The regulations make that strategy hard if not impossible to the degree that there is no substance to breaking apart — other than for being in separate entities. If the cracked firm providing support or other services/property has 50 percent or more common ownership with the firm offering prohibited services, there’s no deduction.

So, that stops an easy tax game. However, in doing so, it will encourage actual cracking. That is, these service firms that contract out their overhead and support services — copying, janitors, assistants, the building in which they’re housed — to other firms under separate ownership will get a tax advantage. That’s because the owners of those other firms, such as the owner of their office building, should be able to get the 20 percent deduction on their income streams — and that tax benefit can then be divided among the various parties. The same benefit wouldn’t be available if the service firm owned the property directly.

This illustrates a further perversity of Section 199A. Here, the IRS understandably insisted on economic substance. But, the result is a set of economic incentives — to really crack out support services and move out ownership of things like buildings — that is also hard to defend. The IRS is defending a line, as they should given what Congress wrote. But, the line itself is silly.

Going in house, or packing, still makes sense. Another approach that I and others previously discussed to avoiding the prohibition on listed services is to go “in house” at a firm engaged in other activities. And that still seems to work under the regulations. A firm can even offer the prohibited services to outside clients — and get a deduction on the income stream — so long as the gross receipts from those services is less than 5 percent of its total for a large firm or 10 percent for a smaller one under the proposed regulation. And, it’s not even clear in my first reading whether true “in house” law counsel, for instance, counts toward that 5 or 10 percent. If the in-house counsel — who is a partner in the firm — is simply providing advice to the firm of which she is a part owner, is any of the firm’s gross receipts considered attributable to her services? Maybe not.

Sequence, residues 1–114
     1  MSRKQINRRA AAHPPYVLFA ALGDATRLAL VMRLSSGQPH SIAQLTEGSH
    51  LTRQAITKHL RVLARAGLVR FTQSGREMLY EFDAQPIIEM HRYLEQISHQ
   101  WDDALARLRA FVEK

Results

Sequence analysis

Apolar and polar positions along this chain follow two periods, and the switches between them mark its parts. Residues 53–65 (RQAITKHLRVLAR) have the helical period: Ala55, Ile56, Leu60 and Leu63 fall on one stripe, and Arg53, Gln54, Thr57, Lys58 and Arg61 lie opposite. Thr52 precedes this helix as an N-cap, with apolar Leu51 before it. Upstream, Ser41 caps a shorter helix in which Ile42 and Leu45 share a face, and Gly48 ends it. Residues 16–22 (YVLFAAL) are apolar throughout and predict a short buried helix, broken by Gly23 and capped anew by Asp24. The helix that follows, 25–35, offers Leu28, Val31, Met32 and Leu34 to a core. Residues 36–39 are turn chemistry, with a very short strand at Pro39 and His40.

Breaking employment relationships. In the proposed regulations, the IRS recognizes the pressure that Section 199A will put on employment relationships. Employees don’t get the benefit under any circumstances. Independent contractors and owners of pass through entities sometimes do.

So, the IRS tries to attack misreporting of people who really are employees as something that they’re not. The IRS principally attacks by creating a presumption — for purposes of section 199A, there will be presumption that someone who used to be an employee and then gets treated as an independent contractor or partner by the same person/entity as before is still an employee. The presumption can be overcome by showing that the relationship really has changed.

There are two problems:

First, this does nothing about new hires going forward. The presumption only applies on a backward looking basis. If Section 199A ends up being a permanent part of the code (I hope not!), the presumption will become less and less useful as firms misreport new hires rather than old ones.

Second, to the degree the IRS is really able to enforce the substance here, it still creates bad incentives. This is like the problem when it comes to cracking. The IRS should do its job in trying to make sure those who get the deduction really aren’t employees (per Congress’s instruction), but Congress has set up a bad distinction — there’s no reason to encourage people to split from firms, give up their employee benefits, and so on. There’s economic substance to it, but it’s substance we shouldn’t want to encourage. That sin is on Congress.


My understanding of the regulations will certainly develop as I continue to digest and also read the analysis of others. In the end, many of the flaws here reflect implementation of a deeply flawed statute but, in some important cases — such as the narrow reading of “reputation or skill” —they represent Treasury using its discretion in a way that aggravates the underlying problems.